• People are hideously optimistic with their forecasts. I think I was too with my first business. I think that it's a learning process, but I think that the more opportunity that you've got to learn from other people that are further along the path than you, the more likely you are to be more realistic. I spend a lot of time reaching out to people
  • I really believe in being bold. In fact that's two words that I live by, is being bold and getting on the phone and reaching out to people.
  • I call them intrapreneurs, so they're internal entrepreneurs.
  • I think organisations that can allow that level of guided freedom can really encourage more of these intrapreneurs, which I believe are huge assets for organisations.
  • I think people think too small. Quite often I see that people just think within their one space and they're not taking that big enough view. I think that also relates back to that intrapreneur that we were just talking about. By taking that really big view and operating like that entrepreneur, there are far more opportunities. I think that what I see is a lot of people think very small and just within their function.
  • The number one mistake according to mums is stereotyping. Again, she said, “Reflect me as a woman. Whilst being a mother is really important to me, it's not all of me,” and she wants to be treated as a woman first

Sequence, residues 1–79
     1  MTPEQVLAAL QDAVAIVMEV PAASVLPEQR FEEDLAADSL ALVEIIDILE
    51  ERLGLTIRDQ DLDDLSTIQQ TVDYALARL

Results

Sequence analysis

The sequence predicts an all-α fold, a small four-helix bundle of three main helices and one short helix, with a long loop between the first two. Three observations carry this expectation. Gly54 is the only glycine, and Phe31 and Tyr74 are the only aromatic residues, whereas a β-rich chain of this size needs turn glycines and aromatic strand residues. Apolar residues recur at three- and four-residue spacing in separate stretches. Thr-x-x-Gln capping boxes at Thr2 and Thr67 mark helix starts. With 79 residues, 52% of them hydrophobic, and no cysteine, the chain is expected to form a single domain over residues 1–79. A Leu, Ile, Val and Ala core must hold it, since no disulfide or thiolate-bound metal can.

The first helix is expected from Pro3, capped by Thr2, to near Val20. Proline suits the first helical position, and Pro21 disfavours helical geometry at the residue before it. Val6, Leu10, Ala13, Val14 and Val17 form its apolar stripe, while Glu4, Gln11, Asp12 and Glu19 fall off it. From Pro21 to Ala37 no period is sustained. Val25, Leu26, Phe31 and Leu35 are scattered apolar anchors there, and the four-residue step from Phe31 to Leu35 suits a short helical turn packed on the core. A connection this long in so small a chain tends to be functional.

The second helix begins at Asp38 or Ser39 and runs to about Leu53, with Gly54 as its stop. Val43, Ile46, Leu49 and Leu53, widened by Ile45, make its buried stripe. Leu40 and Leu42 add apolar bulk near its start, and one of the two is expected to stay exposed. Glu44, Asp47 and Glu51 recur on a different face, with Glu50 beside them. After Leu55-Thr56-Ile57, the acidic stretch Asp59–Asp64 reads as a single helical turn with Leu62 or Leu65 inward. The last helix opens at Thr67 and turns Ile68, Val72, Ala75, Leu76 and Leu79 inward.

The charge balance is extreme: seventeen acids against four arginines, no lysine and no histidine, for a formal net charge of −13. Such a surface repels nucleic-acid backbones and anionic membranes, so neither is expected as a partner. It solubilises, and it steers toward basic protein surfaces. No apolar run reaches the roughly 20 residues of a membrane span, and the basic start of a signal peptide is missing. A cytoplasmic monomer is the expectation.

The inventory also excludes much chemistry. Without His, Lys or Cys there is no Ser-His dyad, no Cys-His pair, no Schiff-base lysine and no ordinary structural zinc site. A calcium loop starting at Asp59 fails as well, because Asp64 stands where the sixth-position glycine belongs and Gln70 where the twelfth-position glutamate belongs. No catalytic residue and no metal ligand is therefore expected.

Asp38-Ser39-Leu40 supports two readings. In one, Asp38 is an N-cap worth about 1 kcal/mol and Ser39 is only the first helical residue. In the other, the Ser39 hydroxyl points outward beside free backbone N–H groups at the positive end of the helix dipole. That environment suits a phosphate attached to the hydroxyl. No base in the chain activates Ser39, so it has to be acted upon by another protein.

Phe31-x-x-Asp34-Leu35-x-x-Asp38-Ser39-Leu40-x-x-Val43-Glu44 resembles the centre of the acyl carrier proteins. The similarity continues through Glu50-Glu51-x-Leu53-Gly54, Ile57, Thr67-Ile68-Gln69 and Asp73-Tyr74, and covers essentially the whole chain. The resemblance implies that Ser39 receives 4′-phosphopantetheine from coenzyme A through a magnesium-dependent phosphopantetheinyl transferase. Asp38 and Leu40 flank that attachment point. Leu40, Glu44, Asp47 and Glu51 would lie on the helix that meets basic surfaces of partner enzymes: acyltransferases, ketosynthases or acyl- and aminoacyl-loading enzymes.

• In terms of from my perspective as a marketer in terms of what I see when I go into organisations, I see a couple of issues. I see firstly they target too broadly. They treat mums as one big homogenous group. Now, there are 6.2 million mothers in Australia. Every year 140,000 women become mothers. We're not all the same, we have different interests, and to lump us together is a really, really key issue and a very, very common one.
  • The second issue that I see is that they don't understand mothers deeply enough. They'll tell you we target mums 25 to 45 and I say, “Well that's both millennial mums and Gen X mothers. The communication methods that you would use to interact and engage with those women are completely different. You need to drill down, you need to better understand their motivations.” As a result of them targeting too broadly and not understanding them deeply enough, they've got real credibility issues. We're seeing this really very much in the retail industry where we're seeing a lot of big names that target mums have actually closed up show, particularly in fashion and apparel. I really believe this is because they have got poor relationships, declining sales, as a result of not knowing their customer well enough.
  • I have both personal mentors, and then I have professional mentors. Most of those people wouldn't have any idea that they're my mentors.
  • Creativity is one of my biggest skills, and if I'm working too hard, it stops flowing, so I need to take regular breaks. That allows me that think time and that big picture time. I think, yeah, regular breaks is probably the biggest thing that I do.